Eco-friendly Margazhi beckons music lovers in Chennai
Did you know that a Margazhi music season produces over 30,000 plastic bottles as trash? At least 3,000 concerts are organised during the season every year, and with 10 bottles used totally by artistes during each concert, an average of 30,000 bottles are generated as waste every season.
Did you know that a Margazhi music season or the famed December Music Festival, held in Chennai every year from November till January, produces over 30,000 plastic bottles as trash? And that trash can fill up almost two rooms?
Almost a year after a ban on single-use plastic was imposed in Tamil Nadu, an initiative to put an end to plastic use during the music festival has begun.
The initiative, ‘Masilla Margazhi 2.0’ (pure Margazhi) by the Namma Ooru Foundation, a not-for-profit organisation dedicated to environmental matters, has reached out to the stakeholders of the festival — music audiences, artistes, venues and caterers — in this regard.
P Natarajan, founder of the foundation, says the second edition of the campaign was launched after a good response to the first edition last year, with a group of volunteers working closely with the stakeholders.
“This year, we wanted to intensify the campaign and have been getting more artistes on board with video messages, and venues signing up to comply with the request of eliminating the use of single-use plastic,” Natarajan says.
At least 3,000 concerts are organised during the Margazhi season every year, and with 10 bottles used totally by artistes during each concert, an average of 30,000 bottles are generated as waste every season.
Viji Ganesh, core member of the campaign team, says last year the campaign began with singer Nisha Rajagopalan playing a key role in influencing the younger artistes to forego the use of plastic bottles. With Nisha playing a big role in the current season as well, senior artistes like singers Nithyasree Mahadevan, Bombay Jayashree and Ghatam Karthick, and religious texts expert Dushyant Sridhar are also endorsing it, he says.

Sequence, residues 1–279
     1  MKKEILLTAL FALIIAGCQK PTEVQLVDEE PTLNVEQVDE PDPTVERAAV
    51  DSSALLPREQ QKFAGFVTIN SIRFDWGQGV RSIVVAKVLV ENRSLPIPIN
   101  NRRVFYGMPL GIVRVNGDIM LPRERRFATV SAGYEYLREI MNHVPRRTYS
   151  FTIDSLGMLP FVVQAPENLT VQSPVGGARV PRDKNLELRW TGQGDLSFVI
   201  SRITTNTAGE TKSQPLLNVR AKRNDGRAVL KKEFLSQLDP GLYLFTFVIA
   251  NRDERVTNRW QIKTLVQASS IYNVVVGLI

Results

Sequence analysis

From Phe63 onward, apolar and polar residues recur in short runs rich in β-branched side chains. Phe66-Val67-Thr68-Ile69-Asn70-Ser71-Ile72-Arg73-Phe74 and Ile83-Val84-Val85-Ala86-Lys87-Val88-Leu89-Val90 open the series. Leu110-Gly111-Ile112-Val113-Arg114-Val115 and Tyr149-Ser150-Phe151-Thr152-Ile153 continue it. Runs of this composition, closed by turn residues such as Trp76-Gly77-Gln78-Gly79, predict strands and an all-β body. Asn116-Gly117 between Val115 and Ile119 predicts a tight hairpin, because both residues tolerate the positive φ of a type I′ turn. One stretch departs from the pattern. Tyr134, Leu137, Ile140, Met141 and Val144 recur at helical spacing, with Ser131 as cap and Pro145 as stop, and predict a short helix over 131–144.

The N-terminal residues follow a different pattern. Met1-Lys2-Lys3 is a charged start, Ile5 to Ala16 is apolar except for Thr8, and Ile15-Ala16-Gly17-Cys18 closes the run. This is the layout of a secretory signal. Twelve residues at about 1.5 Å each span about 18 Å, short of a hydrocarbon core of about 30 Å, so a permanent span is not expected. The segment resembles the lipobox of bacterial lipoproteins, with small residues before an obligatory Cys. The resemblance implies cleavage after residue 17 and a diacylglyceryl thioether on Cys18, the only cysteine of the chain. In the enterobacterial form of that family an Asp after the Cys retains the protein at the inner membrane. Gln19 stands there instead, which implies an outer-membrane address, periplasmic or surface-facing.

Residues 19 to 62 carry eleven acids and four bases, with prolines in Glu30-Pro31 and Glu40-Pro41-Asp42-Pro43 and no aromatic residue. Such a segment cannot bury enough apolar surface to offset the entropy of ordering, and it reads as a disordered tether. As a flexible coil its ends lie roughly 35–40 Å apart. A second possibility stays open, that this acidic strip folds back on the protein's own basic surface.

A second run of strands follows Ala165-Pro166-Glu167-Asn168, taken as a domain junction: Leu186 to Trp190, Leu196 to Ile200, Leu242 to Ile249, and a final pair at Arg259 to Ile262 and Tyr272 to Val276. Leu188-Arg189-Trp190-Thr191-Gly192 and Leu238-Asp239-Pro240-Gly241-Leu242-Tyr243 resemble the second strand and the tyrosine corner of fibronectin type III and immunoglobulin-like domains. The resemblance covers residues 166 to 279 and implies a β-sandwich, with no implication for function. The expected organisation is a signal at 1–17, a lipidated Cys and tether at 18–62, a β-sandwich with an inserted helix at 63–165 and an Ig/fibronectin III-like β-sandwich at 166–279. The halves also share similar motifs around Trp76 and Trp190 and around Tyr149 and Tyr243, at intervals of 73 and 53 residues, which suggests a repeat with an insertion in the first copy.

Nisha says, “It is commendable that my peers came forward to spread the word and willingly participate in it. Even today at my concert, I saw a mridangam artiste bringing his own bottle. That makes a difference. In a few more days, more artistes will join the campaign and I think it should reach far and wide, with the participation of more audiences and venues.”
Venues like Narada Gana Sabha, Parampara and Arkay Convention Centre have already signed up for the campaign while artistes have been putting up videos on social media with a message to switch to an environment-friendly music season.
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K Harishankar, secretary of Narada Gana Sabha, one of the big venues and a signatory for the campaign, calls it a significant step. “The season, being a unique one with a huge footfall, is an ideal occasion to drive home the message of avoiding plastic. Artistes performing at the venue have been asked to carry their own water bottles during the shows,” he says.
The campaign also aims at making caterers stop use of single-use plastic at least by a small fraction.
“The plastic cups distributed for desserts and snacks are a convenient option and their biodegradable alternative are areca nut bowls and plates. But, when the biodegradable cups gets mixed with the rest of the waste, it reaches the landfills rather than being composted,” adds Viji.
The foundation is also trying to promote the use of a cutlery bank that provide stainless steel cutlery. They hope if some of these changes are internalised by the various stakeholders, it can bring about a transformation.